Saturday, August 7, 2010

A new chapter to transform Kenya is born

Kenyans voted for the new constitution with great enthusiasm, making a landmark for what they have been craving for in many decades.

This is not a victory for the President, Vice President or the Prime Minister, in the grand coalition government but a victory for democracy and the future of all ages whose ideas and aspirations are well captured in the new law.

Our hopes pegged on seeing a paradigm shift in the management of the Country’s governance affairs in the social, economic and political spheres, as the government moves towards the implementation stage for the new law.

The expectations from the Kenyan people are very high. Its reminiscent of the rainbow coalition of 2002.The resiliency exhibited in the way people voted during the referendum reflects a nation thirsting for a positive transformation.

The new constitution contains wonderful provisions which if implemented to the letter, will transform the Country into a haven for the citizens and non citizens. There is hope in many spheres for instance, dispensation of justice through the bill of rights, respect of freedoms, equity and equality to all cadres in the society, devolution and other pro-citizen provisions.

Those in the helm of leadership should unequivocally steer the nation through the new “bureaucracy” to positively change the lives of the Kenyan people. We want to see our governance systems and processes begin to change earnest, so that shouts of hurrah and jubilation that characterized the passage of the new law will hold water for the benefit of the people of Kenya.

We don’t want to heave a sigh of relief the way we did in 1963 after independence and still continue being manacled by civil strife, tribalism, disunity, injustice, corruption and other vices.

The new law should transform and restore our broken governance systems and processes for the benefit of millions of Kenyan people.

President Kibaki and Prime Minister Raila need to be commended for their spade work to ensure the passage of the new constitution but the biggest job they have at hand is ensuring that the aspirations of Kenyans that are captured in the document are implemented so that they can have confidence in the new law.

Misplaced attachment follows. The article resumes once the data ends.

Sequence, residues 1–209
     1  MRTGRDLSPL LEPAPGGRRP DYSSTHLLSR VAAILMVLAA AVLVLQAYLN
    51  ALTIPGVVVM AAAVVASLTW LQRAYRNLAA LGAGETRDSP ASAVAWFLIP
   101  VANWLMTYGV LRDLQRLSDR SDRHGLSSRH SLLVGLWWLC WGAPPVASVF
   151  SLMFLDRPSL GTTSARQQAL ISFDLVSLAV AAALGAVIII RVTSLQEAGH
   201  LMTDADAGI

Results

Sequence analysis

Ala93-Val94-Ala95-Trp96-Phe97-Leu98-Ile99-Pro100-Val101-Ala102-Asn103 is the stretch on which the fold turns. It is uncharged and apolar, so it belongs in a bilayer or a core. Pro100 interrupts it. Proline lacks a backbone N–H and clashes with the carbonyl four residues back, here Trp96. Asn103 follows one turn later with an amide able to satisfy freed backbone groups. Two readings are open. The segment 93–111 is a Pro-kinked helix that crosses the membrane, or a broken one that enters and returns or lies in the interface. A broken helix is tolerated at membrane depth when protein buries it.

That said, the two leaders also need to reach out to the opposing camps during the referendum campaigns in order to bridge divide for purposes of national healing, unity, peace and reconciliation.
The Church and political leaders who opposed the law in the referendum should support the government by putting behind their differences because they all played a good game but one team had to win.

They need to shake each others hands, accept the verdict and focus on national interests as opposed to being hypercritical about the law which has already been ratified by the Kenyan majority through universal suffrage.

Political leaders and citizens who didn’t vote for the ratification of the new law are required to democratically respect it and pledge their allegiance to it to enable our country move on. This was well demonstrated when the “no” camp conceded defeated through their defacto leader honourable William Ruto. It was a reflection of political maturity and respect for the democratic process.

Implementing constitutional provisions is different from honouring political promises, which are often not binding. Therefore, the constitution being the new law of the land and binding must be implemented to the letter. Kenyans don’t their dreams and expectations shuttered but respected and fulfilled according to the new law.
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